2. The size of library files in sources\bin\Debug and source\bin\Release are approximately 900MB each. Copying two libraries to the project takes 1.8GB even though the source code alone only cost several KBs.
  3. How we can get all file names of Additional Dependencies since each OpenCV version has different files.

Let see how we can resolve these problems.

Additional Dependencies

Open the command line and point to sources\build\lib:

Type these commands:

dir Debug\*d.lib /B >..\DependenciesDebug.txt
dir Release\*.lib /B >..\DependenciesRelease.txt

All files are saved in DependenciesDebug.txt and DependenciesRelease.txt. We simply copy the content to Additional Dependencies when creating a new project.

Library Configuration

Open the Command Line with Admin permission, type these commands:

 setx -m OPENCV_DIR C:\opencv

Windows + E to open File Explorer Nhấn Windows E để mở Windows Explore

File Explorer

Right click on Computer and select Properties.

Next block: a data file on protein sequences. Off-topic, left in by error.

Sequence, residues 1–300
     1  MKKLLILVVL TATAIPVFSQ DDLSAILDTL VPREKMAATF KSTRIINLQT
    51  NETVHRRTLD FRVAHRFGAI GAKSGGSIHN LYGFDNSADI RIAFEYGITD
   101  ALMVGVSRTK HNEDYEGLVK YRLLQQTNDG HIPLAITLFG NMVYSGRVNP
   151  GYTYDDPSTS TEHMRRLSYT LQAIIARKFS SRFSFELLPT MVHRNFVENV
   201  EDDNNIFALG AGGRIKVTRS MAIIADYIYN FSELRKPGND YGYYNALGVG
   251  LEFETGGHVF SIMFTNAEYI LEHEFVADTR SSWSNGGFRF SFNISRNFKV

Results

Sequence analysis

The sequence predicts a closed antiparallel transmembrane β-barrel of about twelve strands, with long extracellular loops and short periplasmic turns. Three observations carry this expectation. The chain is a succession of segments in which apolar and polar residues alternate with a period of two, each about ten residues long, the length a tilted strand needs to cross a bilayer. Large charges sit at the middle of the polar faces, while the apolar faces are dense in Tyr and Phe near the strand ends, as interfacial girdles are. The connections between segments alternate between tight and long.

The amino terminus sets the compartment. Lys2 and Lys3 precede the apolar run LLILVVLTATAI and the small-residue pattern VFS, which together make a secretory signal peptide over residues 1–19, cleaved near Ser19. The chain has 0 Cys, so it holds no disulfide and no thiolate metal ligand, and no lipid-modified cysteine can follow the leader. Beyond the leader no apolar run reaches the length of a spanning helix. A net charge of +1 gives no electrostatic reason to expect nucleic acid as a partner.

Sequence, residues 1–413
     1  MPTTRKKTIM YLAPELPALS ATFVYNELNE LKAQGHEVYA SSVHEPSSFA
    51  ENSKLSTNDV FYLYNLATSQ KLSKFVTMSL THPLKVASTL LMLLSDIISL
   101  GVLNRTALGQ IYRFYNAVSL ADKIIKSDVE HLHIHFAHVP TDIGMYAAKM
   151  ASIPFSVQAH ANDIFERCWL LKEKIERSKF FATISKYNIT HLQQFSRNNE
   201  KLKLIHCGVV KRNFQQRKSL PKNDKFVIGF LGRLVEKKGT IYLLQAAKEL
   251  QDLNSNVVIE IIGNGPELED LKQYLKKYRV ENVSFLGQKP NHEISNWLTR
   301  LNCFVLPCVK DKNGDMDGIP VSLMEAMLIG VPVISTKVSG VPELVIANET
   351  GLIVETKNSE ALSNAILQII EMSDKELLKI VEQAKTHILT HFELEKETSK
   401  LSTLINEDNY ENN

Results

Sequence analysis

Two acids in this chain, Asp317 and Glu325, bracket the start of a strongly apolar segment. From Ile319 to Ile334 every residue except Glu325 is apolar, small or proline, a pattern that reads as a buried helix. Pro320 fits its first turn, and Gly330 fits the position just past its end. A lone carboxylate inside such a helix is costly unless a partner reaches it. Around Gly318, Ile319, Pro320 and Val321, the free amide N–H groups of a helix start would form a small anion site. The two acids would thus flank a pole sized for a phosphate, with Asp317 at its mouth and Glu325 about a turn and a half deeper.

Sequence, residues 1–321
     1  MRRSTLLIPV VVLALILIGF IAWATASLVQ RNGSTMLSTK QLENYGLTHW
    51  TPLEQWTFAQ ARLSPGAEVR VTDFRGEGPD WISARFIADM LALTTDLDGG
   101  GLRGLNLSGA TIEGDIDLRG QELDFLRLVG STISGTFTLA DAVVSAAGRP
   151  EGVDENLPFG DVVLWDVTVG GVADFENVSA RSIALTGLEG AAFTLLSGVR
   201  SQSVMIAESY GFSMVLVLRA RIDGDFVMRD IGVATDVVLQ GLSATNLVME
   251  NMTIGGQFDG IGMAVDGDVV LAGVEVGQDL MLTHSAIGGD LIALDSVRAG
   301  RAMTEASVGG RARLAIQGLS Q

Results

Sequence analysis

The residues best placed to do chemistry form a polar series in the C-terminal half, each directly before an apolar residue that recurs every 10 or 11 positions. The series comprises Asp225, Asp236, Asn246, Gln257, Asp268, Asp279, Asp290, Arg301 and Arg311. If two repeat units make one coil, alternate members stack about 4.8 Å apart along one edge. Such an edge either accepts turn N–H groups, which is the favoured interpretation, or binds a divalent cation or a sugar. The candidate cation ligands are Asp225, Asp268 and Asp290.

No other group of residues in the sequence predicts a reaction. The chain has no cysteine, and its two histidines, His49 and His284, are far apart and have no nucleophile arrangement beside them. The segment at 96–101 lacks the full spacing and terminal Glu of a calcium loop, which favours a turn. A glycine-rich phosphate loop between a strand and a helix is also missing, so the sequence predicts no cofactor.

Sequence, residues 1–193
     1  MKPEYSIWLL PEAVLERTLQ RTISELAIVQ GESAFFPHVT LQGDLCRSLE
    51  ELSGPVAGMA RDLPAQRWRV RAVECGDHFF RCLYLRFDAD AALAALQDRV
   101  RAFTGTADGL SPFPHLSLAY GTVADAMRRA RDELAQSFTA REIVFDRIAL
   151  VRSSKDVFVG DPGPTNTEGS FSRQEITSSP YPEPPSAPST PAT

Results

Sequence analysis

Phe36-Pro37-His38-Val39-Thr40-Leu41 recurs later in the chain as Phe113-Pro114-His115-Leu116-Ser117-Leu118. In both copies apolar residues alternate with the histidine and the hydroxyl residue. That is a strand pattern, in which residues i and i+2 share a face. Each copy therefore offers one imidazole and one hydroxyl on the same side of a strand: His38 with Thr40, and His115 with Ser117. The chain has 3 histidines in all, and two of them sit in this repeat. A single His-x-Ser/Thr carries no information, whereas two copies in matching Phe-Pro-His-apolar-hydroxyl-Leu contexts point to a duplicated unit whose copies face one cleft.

Advanced System Settings

Select Advanced System Settings. In tab Advanced, select Environment Variables…

Path Variable Configurate

Fill these values: %OPENCV_DIR%\sources\build\bin\Debug;%OPENCV_DIR%\sources\build\bin\Release

Done, henceforth, we do not have to copy files from build\bin to the project.

Saving configuration of the project

In the sidebar Property Manager, we seethe list of all configs corresponding to target archtectures in the project.

Property Manager

We create a new Property Sheet by right clicking into each section and selecting Add New Project Property Sheet. Double click to the new sheet and configure as mentioned in Section 2. Visual Studio will create a new file with extension props in the project. Henceforth, while creating a new project, we only need to import the Property.

Since we set the variable path being OPENCV_DIR, we can change the paths in the configuraton as following:

    %OPENCV_DIR%\build\include
    %OPENCV_DIR%\source\build\lib\Debug
    %OPENCV_DIR%\source\build\lib\Release